FDA Recognizes First Ever Public Database for Genetic Variants

Samara Rosenfeld
DECEMBER 04, 2018

This image has been altered. Courtesy of zketch/Adobe Stock.

Today the U.S. Food and Drug Administration (FDA) formally recognized the first publicly available human genetic variant database, the Clinical Genome Resource (ClinGen) consortium’s ClinGen Expert Curated Human Genetic Data, which could open new doors for researchers, clinicians and med-tech startups.
 
Typically, genetic data are not collected and stored in a way that is accessible to most researchers and clinicians. In April 2018, the FDA issued a guidance to accelerate the development of genetic tests, aiming to promote data sharing and clarify how test developers can rely on clinical evidence from public databases to support claims for their tests. The idea is that they won’t need to generate their own data.

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By using the database, genetic test developers can confirm that their tests are clinically valid, which can be used to support their applications for marketing authorizations with the FDA.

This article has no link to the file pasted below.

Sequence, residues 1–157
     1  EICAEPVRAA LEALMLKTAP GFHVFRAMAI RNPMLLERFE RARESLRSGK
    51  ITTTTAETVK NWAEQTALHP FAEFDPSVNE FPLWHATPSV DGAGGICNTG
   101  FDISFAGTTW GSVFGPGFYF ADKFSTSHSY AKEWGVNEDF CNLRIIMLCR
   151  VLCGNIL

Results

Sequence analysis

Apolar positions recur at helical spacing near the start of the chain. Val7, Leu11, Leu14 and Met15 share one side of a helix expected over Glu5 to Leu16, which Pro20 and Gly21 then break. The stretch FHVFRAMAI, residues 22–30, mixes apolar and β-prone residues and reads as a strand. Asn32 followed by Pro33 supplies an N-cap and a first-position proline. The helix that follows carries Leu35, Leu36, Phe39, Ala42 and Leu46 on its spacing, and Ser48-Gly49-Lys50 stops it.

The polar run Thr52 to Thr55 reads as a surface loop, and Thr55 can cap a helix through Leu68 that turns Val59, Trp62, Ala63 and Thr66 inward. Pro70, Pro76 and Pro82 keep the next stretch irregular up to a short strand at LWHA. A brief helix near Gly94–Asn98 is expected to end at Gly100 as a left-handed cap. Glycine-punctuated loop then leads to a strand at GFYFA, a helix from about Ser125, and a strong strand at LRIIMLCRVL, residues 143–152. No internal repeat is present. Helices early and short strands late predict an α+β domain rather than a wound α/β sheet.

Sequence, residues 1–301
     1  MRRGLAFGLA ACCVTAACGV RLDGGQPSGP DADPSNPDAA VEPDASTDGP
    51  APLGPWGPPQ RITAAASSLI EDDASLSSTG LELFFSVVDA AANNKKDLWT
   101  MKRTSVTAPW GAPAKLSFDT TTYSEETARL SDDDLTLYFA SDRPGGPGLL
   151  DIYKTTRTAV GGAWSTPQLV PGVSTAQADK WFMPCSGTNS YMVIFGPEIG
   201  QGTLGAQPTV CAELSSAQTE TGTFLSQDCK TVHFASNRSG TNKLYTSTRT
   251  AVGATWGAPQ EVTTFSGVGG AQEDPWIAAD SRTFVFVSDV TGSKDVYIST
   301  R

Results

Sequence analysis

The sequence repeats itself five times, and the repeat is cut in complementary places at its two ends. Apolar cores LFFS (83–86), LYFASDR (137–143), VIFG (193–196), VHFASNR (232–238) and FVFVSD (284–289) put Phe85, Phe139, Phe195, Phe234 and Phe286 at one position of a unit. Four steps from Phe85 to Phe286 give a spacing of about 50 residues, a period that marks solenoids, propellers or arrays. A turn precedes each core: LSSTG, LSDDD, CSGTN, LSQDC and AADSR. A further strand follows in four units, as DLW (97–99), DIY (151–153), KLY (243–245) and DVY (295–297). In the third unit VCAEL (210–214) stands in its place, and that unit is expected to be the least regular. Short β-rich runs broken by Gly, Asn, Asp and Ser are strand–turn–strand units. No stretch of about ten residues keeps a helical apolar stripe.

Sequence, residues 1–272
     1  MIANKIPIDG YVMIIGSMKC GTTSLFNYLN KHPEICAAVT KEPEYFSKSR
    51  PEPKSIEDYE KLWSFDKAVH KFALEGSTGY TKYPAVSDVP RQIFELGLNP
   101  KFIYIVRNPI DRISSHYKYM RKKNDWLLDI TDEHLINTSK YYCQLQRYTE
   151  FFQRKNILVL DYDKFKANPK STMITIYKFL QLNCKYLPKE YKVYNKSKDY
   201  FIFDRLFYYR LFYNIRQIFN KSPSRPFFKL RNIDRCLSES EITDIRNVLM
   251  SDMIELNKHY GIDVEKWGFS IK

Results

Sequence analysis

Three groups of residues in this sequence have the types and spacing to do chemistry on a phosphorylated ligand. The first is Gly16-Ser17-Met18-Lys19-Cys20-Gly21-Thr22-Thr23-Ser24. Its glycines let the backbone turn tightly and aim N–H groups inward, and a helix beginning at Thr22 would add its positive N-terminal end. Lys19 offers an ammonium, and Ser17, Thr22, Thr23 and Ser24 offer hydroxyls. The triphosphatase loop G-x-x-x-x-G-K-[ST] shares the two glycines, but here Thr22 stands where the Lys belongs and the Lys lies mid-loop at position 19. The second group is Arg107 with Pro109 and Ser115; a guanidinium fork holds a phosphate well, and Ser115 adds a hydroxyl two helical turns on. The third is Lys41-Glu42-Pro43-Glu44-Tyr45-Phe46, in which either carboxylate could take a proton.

“The new recognition means developers will not need to demonstrate to the FDA the reliability of the database, the data and information within which can be used to support the relationship between a gene variation and a specific disease that are within the scope of the recognition,” the FDA said in a release.
 
The data can be accessed through ClinVar, an archive funded and maintained by the National Institutes of Health (NIH), and developers may use the data to support clinical claims for their diagnostic tests.
 
According to another FDA release, the goal of ClinGen is to bring clinical and research experts together to develop a standard reviewing process for data on gene variants and their connections to health and disease.
 
Francis S. Collins, M.D., Ph.D., NIH director, said that ClinGen will facilitate the development and implementation of genetics for use by healthcare professionals. This is important for moving science into practice, he added.
 
By looking at a person’s DNA, genetic tests can detect genomic variations that may determine whether a person has or is at risk of developing a genetic disease. As such, genetic tests can help inform treatment decisions and advance how clinicians and researchers learn about diseases, how innovators develop treatments and how doctors improve patient care.

“Use of a publicly accessible database may help reduce regulatory burdens on test developers and spur advancements in the evaluation and implementation of precision medicine,” the FDA said.

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